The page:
Lawmakers are looking to solve a glitch in the welfare system that can discourage low-income Vermonters from taking good-paying jobs. But addressing the problem will cost money. And advocates for needy residents are concerned about the funding mechanism.
For some welfare recipients, getting a promotion can be costly. That's due to an odd phenomenon known as the "benefits cliff." And it happens when the additional income from a pay raise isn’t enough to offset the reductions in state assistance that could come as a result.
At several town meetings held this past week in New Hampshire, voters weighed in on non-binding resolutions opposing the flow of tar sands oil through their communities.
But the town of Lancaster, on the Vermont border, sent a resounding message of support for a pipeline company some worry will carry tar sands oil from Canada to Maine.
The two companies that own the pipelines that now carry crude oil west from Portland to Quebec insist they have no immediate plans to reverse that flow and change the fuel to the more corrosive tar sands oil.
Vermont dairy farmers are getting record high prices for their milk. According the USDA, farmers are receiving a minimum of $23.57 per hundredweight. By comparison, in 2009 prices dipped under $12, which is far below the cost of production.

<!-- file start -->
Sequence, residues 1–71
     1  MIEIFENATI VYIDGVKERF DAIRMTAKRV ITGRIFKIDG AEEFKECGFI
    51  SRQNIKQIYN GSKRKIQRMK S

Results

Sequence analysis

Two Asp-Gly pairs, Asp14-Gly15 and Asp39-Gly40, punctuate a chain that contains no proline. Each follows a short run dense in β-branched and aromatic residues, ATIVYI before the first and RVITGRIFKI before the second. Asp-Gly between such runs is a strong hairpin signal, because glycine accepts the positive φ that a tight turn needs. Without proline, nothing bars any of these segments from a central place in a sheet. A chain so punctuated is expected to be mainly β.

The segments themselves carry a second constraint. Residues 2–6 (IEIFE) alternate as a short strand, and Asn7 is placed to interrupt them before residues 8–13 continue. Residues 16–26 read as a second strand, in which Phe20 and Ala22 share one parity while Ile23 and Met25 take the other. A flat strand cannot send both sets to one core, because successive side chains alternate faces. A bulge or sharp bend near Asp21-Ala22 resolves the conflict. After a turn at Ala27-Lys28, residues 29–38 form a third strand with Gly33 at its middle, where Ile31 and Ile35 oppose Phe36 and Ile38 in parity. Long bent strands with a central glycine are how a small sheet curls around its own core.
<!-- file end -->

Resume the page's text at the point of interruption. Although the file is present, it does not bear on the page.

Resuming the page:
Diane Bothfeld is deputy secretary for dairy policy at the Vermont Agency of Agriculture. She says the current price is the highest ever, based on records dating back to 1977.
On Town Meeting Day, school budgets were defeated in 35 communities around Vermont. So, should Vermont re-design the way that it funds education? Governor Peter Shumlin says declining student enrollment is at the heart of the problem.
House Education Committee Chair Joey Donovan and Senate Education Committee Chair Dick McCormack discuss a plan to consolidate school districts and talk about the Legislature’s reaction to the budget defeats.
If you’re really tired of snow by now, you might want to consider a walk in the woods. With a little bit of knowledge and a lot of attention, the snow-covered forest can open a window into the lives of wild animals that are all around us, but seldom seen.
Lynn Levine is a forester from Dummerston and the author of Animal Tracks and Scat, a hands-on tracking book. She often leads tracking workshops for schools, nature centers and other groups.
VPR’s Susan Keese tagged along on one such outing recently.
Usually, when we study history, we look back at the leaders, the icons and the heroes to understand the times gone by. But another way to study history is to look at the ne’er-do-wells, the criminals, and the…well jerks.